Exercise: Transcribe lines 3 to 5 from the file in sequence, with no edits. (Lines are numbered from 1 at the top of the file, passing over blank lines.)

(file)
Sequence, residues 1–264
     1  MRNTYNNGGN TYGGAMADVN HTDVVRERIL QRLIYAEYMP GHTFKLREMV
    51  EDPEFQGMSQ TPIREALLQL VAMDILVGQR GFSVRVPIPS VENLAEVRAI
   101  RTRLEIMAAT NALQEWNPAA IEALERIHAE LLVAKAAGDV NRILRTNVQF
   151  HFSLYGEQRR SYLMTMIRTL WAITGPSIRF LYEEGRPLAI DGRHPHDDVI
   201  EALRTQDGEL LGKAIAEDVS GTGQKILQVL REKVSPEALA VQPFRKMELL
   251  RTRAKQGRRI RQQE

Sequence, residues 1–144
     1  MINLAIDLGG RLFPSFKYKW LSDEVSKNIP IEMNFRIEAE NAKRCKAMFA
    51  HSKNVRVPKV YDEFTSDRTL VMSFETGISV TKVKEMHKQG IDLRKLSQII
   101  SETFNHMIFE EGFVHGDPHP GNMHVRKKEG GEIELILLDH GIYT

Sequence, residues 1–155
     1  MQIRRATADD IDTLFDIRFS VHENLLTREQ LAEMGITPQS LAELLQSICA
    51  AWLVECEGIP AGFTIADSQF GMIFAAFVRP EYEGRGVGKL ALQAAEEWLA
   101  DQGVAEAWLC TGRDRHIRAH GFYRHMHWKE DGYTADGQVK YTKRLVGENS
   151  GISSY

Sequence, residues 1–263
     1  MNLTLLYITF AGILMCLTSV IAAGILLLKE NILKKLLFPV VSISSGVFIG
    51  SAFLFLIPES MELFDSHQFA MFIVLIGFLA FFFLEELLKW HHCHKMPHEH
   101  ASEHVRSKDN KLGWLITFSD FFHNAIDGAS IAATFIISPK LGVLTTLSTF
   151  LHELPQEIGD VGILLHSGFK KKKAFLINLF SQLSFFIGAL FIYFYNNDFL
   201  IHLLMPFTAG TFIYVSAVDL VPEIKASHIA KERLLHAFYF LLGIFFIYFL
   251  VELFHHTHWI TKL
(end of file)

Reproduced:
    51  EDPEFQGMSQ TPIREALLQL VAMDILVGQR GFSVRVPIPS VENLAEVRAI
   101  RTRLEIMAAT NALQEWNPAA IEALERIHAE LLVAKAAGDV NRILRTNVQF
   151  HFSLYGEQRR SYLMTMIRTL WAITGPSIRF LYEEGRPLAI DGRHPHDDVI